Gardening tasks to Do in August

Then comes summer, real summer in our garden. Flowers bloom and our friends tell us they are lovely. But we see the flaws and errors. We feel almost guilty to have our garden praised, so many glaring faults and shortcomings have it. The color scheme is wrong, there are false notes here and there. There are tall plants where short plants should be. There are spaces and breaks and again spots overcrowded. We water and hoe, train vines, prop plants and kill the bugs, but we know the weak spots in our garden and vow that next summer we shall remedy every mistake..

The North

Obviously, this is one of the hot, dry months of the year, and about the same cultural hints apply here as for July.

Oriental Poppies are dormant now, so divide and transplant, or buy and plant new ones. These poppies are not successfully moved during any other month.

Plant Madonna Lilies this month, because, unlike other lilies, they pro­duce a growth of leaves before autumn. Therefore, they must be well-rooted.

Water gardens can still be made. Waterlilies and water poppies planted early this month will bloom yet.

Rock Garden. Begin construction work on any new rock garden to be planted this fall.

Various other perennials that have bloomed can be divided, provided you do not make small divisions but keep thrifty-size clumps.

Keep roses watered, but do it by soaking thoroly. Sprinkling spreads mildew and perhaps other diseases.

Ash Borers. North Dakota garden­ers note: Watch your ash trees for bor­ers. Kill them by putting carbon bi­sulphide into each tunnel with a medicine dropper and stopping up opening at once with mud.

Mexican Bean Beetle. Watch for the second generation of Mexican Bean Beetle and dust with 1 part dry lead arsenate and 7 parts gypsum.

Gather and dry strawflowers for winter bouquets.

Strawberries. In the northwestern plains’ states of Dakotas and Montana, give everbearing strawberries a good soaking once or twice a week this month and next to produce a fall crop.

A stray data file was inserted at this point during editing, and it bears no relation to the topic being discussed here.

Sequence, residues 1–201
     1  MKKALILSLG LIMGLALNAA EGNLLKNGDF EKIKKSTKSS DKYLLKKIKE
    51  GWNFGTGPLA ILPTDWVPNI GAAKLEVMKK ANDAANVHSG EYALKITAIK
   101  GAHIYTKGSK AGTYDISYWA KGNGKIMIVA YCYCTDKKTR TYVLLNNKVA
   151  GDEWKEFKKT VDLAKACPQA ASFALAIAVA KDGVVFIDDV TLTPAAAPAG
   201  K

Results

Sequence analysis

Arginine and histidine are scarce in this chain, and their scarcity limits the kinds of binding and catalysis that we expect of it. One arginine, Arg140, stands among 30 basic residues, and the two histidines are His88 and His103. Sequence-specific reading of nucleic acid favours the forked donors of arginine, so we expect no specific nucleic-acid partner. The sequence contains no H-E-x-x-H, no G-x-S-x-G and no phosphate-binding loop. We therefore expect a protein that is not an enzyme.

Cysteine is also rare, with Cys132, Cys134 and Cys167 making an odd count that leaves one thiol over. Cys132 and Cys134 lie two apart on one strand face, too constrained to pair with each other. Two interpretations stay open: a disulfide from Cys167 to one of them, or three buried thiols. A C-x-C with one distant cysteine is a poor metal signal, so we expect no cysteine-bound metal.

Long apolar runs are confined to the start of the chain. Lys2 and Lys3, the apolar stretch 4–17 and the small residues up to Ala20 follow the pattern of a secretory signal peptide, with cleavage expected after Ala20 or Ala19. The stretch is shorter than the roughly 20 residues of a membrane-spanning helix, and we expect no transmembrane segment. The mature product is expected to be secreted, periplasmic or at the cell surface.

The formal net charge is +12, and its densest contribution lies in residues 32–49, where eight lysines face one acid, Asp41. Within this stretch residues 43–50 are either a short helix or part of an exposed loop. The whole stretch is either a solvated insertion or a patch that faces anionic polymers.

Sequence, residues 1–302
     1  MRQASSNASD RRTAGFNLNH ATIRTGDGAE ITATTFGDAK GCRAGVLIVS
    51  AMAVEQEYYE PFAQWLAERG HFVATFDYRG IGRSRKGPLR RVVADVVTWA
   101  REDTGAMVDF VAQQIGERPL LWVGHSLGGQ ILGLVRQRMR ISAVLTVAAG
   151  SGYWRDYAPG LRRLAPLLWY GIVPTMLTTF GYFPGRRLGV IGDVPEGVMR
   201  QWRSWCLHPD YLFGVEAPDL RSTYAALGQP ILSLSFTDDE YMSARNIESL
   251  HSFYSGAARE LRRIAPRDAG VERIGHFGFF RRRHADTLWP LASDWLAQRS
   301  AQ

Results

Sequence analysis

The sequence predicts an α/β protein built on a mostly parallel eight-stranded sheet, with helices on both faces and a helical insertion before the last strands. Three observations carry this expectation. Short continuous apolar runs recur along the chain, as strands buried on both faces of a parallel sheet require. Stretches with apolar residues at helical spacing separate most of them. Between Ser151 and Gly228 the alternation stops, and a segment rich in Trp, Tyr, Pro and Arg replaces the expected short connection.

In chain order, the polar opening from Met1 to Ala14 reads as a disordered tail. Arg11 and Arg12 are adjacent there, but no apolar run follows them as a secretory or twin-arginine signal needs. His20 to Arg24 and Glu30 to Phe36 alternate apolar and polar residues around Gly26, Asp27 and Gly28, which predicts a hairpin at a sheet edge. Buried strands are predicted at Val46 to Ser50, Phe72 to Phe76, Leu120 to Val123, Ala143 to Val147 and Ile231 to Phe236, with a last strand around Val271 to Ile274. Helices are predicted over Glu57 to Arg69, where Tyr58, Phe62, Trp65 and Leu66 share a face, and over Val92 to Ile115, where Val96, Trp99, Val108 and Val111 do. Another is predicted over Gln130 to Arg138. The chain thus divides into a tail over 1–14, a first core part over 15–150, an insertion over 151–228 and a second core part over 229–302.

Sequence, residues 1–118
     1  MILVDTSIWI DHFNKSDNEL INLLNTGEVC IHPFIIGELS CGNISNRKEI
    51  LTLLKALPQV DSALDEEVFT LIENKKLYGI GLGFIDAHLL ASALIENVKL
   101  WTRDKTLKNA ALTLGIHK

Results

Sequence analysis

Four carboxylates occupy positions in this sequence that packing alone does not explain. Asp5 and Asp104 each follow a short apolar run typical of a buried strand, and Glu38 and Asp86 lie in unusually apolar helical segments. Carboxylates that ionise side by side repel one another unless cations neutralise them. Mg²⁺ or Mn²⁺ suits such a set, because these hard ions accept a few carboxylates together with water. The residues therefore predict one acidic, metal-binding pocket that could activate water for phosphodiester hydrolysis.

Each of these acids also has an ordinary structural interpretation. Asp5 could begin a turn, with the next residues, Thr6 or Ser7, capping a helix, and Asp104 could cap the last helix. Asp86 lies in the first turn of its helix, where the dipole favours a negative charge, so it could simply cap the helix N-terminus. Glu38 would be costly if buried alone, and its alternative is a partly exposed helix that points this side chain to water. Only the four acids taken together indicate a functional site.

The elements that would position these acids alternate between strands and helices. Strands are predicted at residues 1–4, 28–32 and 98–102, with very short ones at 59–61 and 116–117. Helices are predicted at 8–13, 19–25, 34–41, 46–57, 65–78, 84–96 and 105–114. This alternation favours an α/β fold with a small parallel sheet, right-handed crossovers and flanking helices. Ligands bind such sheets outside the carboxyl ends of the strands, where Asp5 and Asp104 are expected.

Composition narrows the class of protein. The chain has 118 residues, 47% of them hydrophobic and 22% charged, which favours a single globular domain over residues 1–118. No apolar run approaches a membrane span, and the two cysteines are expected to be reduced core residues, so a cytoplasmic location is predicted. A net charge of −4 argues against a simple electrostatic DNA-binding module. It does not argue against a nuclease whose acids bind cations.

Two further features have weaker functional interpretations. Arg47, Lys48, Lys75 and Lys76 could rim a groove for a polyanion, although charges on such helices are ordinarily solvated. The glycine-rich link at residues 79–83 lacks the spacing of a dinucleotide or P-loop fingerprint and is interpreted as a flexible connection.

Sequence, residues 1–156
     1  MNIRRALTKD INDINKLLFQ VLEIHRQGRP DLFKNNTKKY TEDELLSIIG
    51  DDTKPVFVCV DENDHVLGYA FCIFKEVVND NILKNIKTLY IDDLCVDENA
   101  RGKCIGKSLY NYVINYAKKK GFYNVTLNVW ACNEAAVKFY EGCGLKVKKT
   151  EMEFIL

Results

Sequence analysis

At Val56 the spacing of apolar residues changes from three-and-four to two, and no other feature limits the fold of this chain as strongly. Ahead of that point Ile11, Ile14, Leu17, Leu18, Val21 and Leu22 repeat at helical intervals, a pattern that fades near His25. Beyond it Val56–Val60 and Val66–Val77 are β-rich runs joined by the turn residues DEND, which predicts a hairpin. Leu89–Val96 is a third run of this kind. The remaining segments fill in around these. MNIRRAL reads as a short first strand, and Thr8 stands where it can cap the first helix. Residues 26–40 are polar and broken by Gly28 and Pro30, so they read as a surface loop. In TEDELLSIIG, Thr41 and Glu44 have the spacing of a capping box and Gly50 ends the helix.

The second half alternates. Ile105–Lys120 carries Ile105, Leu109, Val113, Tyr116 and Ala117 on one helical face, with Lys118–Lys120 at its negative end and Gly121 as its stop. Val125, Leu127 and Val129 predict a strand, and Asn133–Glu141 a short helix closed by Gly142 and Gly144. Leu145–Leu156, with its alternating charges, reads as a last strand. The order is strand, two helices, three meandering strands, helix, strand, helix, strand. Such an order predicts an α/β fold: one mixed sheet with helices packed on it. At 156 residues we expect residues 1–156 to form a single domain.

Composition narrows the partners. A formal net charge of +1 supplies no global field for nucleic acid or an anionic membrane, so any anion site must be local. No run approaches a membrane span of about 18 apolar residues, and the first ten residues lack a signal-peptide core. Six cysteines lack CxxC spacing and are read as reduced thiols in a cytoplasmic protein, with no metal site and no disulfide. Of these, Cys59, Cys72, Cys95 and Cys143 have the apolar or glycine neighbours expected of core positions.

Hedges. Such hedges as privet and barberry which are sheared should have another trimming during August. The more often a hedge is trimmed the more compact it becomes.

Red Spider. If you shake your ar-borvitae over a piece of paper and find that there are tiny little grayish objects on it, then you will realize that your evergreens have red spider and you will need to refer to page 66 for their control.

Perennial Propagation. Propaga­tion from cuttings is an interesting project. A coldframe filled with sand in a shaded place, cov­ered with glass is the only necessary piece of equipment. Take the cuttings preferably from the tip of the branch and set them 1 inch deep in sand. Water well and keep the frame closed until they start to root. This should take from one to two weeks. When you are sure that the cuttings are well rooted, they should be removed and planted in soil, either in the garden or in another part of the frame.

Rose Leaves. Pick up and burn rose leaves that drop to the ground. They may be infested with black spot or other diseases.